Teacher training providers have hit back at a questionnaire from Ofsted that they say is biased.
The questionnaire has been sent to providers in both universities and schools to ask about curriculum quality.
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But the Universities’ Council for the Education of Teachers, which represents higher-education providers, is not recommending that members fill it in – saying it contains loaded questions.
James Noble-Rogers, executive director of UCET, said: “I thought the survey was jumping the gun a bit and some of the questions did seem a bit loaded. I think it was not deliberate, but if they had shown it to us in advance we might have smoothed the waters.
“To some extent, it did pre-empt what counts as good practice, by the nature of the questions they were asking. So ‘How do you do x, y and z in your programme?’...[That] assumes x, y and z are good practice.
“I think Ofsted should look at quality of provision in the context of Teachers' Standards and the initial teacher education requirements, which are set by the secretary of state. This survey suggests they want to identify good content over and above what the regulatory framework is.
“I do not feel able to forward it to members and recommend they complete it.”
There are three versions of the survey: one for the provider, one for current trainees and one for newly qualified teachers.
The survey is understood to be for Ofsted’s own information, and not part of the official inspection of initial teacher education.
But there have been criticisms that questions on the survey are poorly designed.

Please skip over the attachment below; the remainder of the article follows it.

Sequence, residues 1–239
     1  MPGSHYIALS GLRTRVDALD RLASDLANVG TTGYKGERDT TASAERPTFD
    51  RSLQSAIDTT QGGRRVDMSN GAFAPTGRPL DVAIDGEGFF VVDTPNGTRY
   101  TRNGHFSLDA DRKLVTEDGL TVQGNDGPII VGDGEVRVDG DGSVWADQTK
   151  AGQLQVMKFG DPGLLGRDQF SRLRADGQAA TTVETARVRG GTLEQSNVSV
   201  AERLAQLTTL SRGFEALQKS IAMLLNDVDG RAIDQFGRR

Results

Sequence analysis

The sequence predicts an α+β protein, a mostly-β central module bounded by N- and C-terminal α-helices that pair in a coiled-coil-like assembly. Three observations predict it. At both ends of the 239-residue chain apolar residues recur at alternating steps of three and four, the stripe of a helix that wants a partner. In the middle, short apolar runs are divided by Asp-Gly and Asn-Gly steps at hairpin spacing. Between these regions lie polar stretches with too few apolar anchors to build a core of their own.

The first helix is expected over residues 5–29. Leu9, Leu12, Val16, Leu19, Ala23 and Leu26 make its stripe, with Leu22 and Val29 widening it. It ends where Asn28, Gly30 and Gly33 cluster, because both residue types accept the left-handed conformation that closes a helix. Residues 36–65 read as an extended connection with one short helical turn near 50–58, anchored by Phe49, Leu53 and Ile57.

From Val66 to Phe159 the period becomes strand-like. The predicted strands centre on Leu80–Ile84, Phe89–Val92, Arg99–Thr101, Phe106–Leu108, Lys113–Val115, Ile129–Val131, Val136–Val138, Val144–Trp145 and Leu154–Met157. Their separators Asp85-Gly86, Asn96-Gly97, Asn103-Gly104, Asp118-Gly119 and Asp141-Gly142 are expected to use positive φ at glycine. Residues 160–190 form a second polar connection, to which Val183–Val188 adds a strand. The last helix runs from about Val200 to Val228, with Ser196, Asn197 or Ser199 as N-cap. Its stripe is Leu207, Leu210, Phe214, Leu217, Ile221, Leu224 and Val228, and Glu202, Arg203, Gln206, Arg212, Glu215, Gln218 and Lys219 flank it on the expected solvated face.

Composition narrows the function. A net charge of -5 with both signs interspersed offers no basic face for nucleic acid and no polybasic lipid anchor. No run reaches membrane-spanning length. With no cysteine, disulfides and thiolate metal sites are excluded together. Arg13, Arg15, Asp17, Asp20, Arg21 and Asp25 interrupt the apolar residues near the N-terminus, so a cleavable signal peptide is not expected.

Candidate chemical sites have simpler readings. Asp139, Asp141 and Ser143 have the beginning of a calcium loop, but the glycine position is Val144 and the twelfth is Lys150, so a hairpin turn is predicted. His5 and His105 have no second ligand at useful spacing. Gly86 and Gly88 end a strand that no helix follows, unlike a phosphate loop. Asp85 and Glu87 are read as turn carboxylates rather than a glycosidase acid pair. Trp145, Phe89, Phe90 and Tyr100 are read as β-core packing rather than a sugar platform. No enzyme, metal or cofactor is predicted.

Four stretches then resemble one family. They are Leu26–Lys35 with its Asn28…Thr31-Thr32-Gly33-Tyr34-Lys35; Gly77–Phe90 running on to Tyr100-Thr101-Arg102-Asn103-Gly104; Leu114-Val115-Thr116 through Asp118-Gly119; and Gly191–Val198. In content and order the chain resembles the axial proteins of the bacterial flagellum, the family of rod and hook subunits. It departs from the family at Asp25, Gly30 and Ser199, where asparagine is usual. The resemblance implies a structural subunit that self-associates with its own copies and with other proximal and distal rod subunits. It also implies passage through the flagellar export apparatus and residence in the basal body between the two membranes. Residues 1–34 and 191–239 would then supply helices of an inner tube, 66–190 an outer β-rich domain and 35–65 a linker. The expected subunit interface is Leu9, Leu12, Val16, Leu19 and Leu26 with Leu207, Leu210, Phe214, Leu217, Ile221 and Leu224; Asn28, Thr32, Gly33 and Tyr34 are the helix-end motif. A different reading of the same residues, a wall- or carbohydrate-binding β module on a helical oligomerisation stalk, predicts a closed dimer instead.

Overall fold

One anonymous provider said: “I’m concerned by the nature of the questionnaire and what it hopes to achieve. The questions appear to be quite negatively posed.”
Viv Ellis, professor of educational leadership and teacher development at King’s College, London, resigned from Ofsted’s external advisory group on initial teacher education earlier this week, citing the surveys as contributing to his decision.
I have resigned from @Ofstednews External Advisory Group on ITE, concerned about its independence, the nature of senior official’s public communications & the composition of expert groups. But if I was in any doubt, its surveys of ITE providers on ‘high quality’ curriculum ..?!! pic.twitter.com/gcuXbwsEIr— Viv Ellis (@viv_ellis) April 2, 2019
In replies to his tweet, other teacher educators expressed their concerns.
Jan Rowe, of Liverpool John Moores University, said she and her team had chosen not to respond to the questionnaire “as it appeared designed to confirm pre existing biases”.
Respect this decision. We chose not to respond to the questionnaire as it appeared designed to confirm pre existing biases. Also feel that an ITE curriculum needs definition. We see it as everything our students learn from us and our schools/ mentors. How do you calculate that?— Jan Rowe (@Janroweljmu) April 2, 2019
Professor Ellis also said he was concerned about the composition of Ofsted's expert groups.
Both Mr Noble-Rogers and Emma Hollis, executive director of the National Association for School-Based Teacher Trainers, are on the advisory group.
Ms Hollis said: “The external advisory group did not see the questionnaire before it went out. If we had, I think we could have probably pre-empted criticisms and shaped it slightly differently. I do think there is good representation of the sector on the group.”
An Ofsted spokesperson said: "The DfE is responsible for the ITE curriculum. The core content framework sets out the department’s view on the content required to train teachers to meet appropriate standards. Ofsted does not, and will not, have a preferred curriculum model in its next ITE framework. Our research will promote discussion within the sector. This mirrors the work the research team did to support the new Education Inspection Framework. Responses to the survey are completely optional, but all views and challenge are welcome. We encourage everyone to reply openly and honestly to support us in this work."